DMD causes Gower's sign (occurring when a patient must use his or her arms and hands to "walk" up from a squatting position due to lack of lower extremity strength) as well as enlarged calf muscles (due to fatty deposits, not larger muscles). A pounding headache would be a symptom of autonomic dysreflexia. Ptosis, or drooping eyelids, would not be caused by DMD.

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  • 12. 

    You ask your client to use a carrot scraper to peel a carrot. Instead, she appears to try to cut the carrot scraper with the carrot. What diagnosis might you suspect she has?

    • A.

      Ideomotor limb apraxia

    • B.

      Conceptual limb apraxia

    • C.

      Ideational limb apraxia

    • D.

      Dressing apraxia

    Correct Answer
    B. Conceptual limb apraxia
    Explanation
    Apraxia is defined as the inability to perform purposeful movement (in the absence of paralyis or paresis). It is most often caused by damage to the left hemisphere. In ideomotor limb apraxia, the patient is unable to carry out a motor command. In conceptual limb apraxia, the patient has difficulty using tools. In ideational limb apraxia, the patient is unable to create a plan for a specific movement and has difficulty sequencing. Dressing apaxia involves the inability to dress oneself.

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  • 13. 

    A person with hydrocephalus suffers from blocked circulation of cerebrospinal fluid. Fortunately, this condition can sometimes be alleviated by the insertion of a shunt.

    • A.

      True

    • B.

      False

    Correct Answer
    A. True
    Explanation
    Hydrocephalus is a condition characterized by the blockage of cerebrospinal fluid circulation in the brain. This blockage can lead to an accumulation of fluid, causing increased pressure on the brain. Fortunately, one possible treatment for hydrocephalus is the insertion of a shunt. A shunt is a medical device that helps redirect the excess fluid to another part of the body, relieving the pressure on the brain. Therefore, the statement "A person with hydrocephalus suffers from blocked circulation of cerebrospinal fluid. Fortunately, this condition can sometimes be alleviated by the insertion of a shunt" is true.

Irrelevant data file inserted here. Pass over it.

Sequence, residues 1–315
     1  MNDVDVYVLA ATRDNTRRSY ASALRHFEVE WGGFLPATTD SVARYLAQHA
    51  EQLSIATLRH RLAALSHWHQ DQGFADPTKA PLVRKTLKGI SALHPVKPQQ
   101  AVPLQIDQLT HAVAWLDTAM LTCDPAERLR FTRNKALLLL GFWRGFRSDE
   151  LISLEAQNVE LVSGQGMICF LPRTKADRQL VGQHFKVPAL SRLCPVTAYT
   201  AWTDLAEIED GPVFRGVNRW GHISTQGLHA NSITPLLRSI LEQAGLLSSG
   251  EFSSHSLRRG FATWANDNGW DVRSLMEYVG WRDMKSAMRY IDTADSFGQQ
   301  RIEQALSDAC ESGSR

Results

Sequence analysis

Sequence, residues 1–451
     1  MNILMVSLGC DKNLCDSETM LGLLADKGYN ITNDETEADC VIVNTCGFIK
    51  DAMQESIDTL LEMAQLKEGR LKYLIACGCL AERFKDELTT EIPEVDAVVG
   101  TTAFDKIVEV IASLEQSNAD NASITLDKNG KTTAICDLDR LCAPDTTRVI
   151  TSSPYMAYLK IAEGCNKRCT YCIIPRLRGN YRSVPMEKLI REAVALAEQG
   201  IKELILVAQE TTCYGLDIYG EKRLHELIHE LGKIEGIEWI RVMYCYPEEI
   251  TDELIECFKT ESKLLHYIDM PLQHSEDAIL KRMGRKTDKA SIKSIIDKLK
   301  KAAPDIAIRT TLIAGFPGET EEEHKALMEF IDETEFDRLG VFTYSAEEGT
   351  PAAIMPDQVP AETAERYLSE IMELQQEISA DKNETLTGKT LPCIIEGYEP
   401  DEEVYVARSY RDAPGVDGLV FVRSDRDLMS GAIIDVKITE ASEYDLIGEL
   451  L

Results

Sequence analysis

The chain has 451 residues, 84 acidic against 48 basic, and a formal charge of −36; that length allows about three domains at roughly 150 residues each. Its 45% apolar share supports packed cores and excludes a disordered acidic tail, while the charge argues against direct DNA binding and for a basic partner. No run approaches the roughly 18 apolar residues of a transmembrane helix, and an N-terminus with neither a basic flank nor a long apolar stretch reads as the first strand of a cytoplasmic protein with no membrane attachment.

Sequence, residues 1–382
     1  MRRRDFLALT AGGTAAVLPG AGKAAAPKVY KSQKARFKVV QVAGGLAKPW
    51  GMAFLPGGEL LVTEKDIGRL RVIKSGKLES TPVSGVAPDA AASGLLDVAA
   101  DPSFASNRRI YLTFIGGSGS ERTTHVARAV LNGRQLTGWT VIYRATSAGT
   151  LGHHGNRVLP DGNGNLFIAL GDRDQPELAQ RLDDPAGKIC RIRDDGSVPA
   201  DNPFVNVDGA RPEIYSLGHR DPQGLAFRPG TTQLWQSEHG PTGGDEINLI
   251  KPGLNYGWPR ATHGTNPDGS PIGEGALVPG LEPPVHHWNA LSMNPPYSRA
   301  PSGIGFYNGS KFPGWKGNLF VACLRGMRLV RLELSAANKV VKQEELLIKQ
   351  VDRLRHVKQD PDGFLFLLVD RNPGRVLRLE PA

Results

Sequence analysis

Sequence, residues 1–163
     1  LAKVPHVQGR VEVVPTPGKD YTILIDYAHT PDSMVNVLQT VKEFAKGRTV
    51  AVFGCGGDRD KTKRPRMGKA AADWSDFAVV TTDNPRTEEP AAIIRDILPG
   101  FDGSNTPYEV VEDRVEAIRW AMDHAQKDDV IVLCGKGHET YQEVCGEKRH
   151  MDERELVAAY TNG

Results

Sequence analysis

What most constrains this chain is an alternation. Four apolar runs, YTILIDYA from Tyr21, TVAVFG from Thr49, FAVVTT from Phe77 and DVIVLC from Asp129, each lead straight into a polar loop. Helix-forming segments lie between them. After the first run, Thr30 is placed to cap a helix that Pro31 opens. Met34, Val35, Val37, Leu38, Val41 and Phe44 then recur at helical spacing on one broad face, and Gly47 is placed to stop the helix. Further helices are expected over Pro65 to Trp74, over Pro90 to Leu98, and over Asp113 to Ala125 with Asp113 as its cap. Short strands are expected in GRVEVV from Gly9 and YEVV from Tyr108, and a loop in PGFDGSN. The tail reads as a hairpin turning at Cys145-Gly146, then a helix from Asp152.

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  • 14. 

    Which of the following symptoms are most commonly associated with an upper motor neuron lesion?

    • A.

      Hyporeflexia

    • B.

      Hyperreflexia

    • C.

      Adductor spasms

    • D.

      Flu-like symptoms

    Correct Answer
    B. Hyperreflexia
    Explanation
    Upper motor neuron lesions are often associated with hyperreflexia, hypertonicity, paralysis, paresis, hyperstiffness, and abnormal reflexes such as the Babinski reflex.

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  • 15. 

    Your client has trouble with a complex perceptual function called figure ground discrimination. Which of the following activities might she have the most trouble with?

    • A.

      Moving through her living room without bumping into the coffee table

    • B.

      Discriminating between the left and right sides of her body

    • C.

      Picking out a black pen from a drawer full of other pens

    • D.

      Remembering the route from her house to her daughter's school

    Correct Answer
    C. Picking out a black pen from a drawer full of other pens
    Explanation
    Your client would have trouble picking a black pen out of a drawer of other pens because figure ground discrimination allows us to differentiate foreground objects from background objects. She would have a hard time avoiding the coffee table if she had no spatial relations, and she would have difficulty discriminating between the left and right sides of her body if she had right/left discrimination problems. Remembering the route from her house to her daughter's school would require good topographical orientation.